In 2007, the Lancet published an article written by British pediatricians entitled ‘Fetal Alcohol Syndrome: law and ethics’ that suggested that diagnosing FASD poses a conflict for physicians.64 They write that they are caught between ‘the right of the individual to know the likely cause of their disability against emphasising the mother’s potential sense of guilt, thereby probably damaging the relationship of mother and child’.65 Despite this conflict the authors conclude that ethically it is only by ‘reliably making the diagnosis can more effective interventions be offered to affected individuals’. But there are practical barriers to FASD diagnosis that affect physicians offering FASD diagnostic services.
FASD diagnosis is time-consuming. It requires interviews with the birth mother, information from other specialists and coordination of care. Physicians report that there are no provincial FASD billing codes that would enable them to charge for the services that are required.66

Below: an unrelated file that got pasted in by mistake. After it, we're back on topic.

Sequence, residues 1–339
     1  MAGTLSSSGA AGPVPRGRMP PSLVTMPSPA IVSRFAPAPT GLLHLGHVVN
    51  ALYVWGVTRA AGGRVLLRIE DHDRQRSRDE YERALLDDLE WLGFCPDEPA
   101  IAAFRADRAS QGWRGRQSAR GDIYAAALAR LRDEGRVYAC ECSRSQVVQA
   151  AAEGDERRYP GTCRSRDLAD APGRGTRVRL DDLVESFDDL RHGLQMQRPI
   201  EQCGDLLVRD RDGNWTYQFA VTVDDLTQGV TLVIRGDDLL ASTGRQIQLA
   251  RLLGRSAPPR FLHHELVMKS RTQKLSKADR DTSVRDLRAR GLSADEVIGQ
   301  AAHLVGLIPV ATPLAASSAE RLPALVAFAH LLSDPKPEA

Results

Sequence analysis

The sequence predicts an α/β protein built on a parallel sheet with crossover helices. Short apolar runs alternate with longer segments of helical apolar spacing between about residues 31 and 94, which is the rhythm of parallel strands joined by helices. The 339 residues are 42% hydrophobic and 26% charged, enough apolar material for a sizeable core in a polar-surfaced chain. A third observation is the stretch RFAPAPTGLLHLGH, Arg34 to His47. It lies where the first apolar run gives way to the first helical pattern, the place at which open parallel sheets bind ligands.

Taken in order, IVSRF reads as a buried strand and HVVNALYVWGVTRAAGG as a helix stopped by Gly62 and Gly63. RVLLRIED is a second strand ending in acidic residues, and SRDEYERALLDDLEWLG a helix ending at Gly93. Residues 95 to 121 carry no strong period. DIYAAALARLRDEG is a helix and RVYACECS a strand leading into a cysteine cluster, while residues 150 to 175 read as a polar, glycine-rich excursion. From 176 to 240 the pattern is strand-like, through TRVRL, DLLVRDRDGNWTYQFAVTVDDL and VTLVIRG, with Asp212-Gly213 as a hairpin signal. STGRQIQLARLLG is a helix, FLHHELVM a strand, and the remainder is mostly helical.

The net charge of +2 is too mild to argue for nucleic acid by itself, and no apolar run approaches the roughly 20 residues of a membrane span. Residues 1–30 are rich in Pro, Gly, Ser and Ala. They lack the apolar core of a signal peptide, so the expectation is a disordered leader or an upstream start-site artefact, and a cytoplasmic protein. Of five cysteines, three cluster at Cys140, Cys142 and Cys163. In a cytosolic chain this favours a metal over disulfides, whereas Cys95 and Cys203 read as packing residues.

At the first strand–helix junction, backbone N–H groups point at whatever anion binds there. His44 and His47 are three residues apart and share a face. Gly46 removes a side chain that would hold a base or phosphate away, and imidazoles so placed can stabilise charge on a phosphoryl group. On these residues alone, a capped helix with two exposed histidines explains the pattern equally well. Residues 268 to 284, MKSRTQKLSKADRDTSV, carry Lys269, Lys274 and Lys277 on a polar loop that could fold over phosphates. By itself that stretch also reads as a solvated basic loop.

The provincial government however, could choose to supply FASD billing codes for individual physicians as well as resources for the coordination and development of FASD diagnostic teams. Health officials justify the continuing lack of FASD service delivery in terms of a risk-benefit or cost-effective analysis (i.e. the cost of FASD diagnosis is high; there is no cure for FASD, and FASD interventions are expensive to provide.67) This economic approach to health service delivery would appear to have no ethical basis in light of the principles that health professionals and policy makers agree should guide health care policy and practice. Beauchamp and Childress first articulated these in the 1970s and they are now widely accepted by most health professionals and their regulatory bodies68: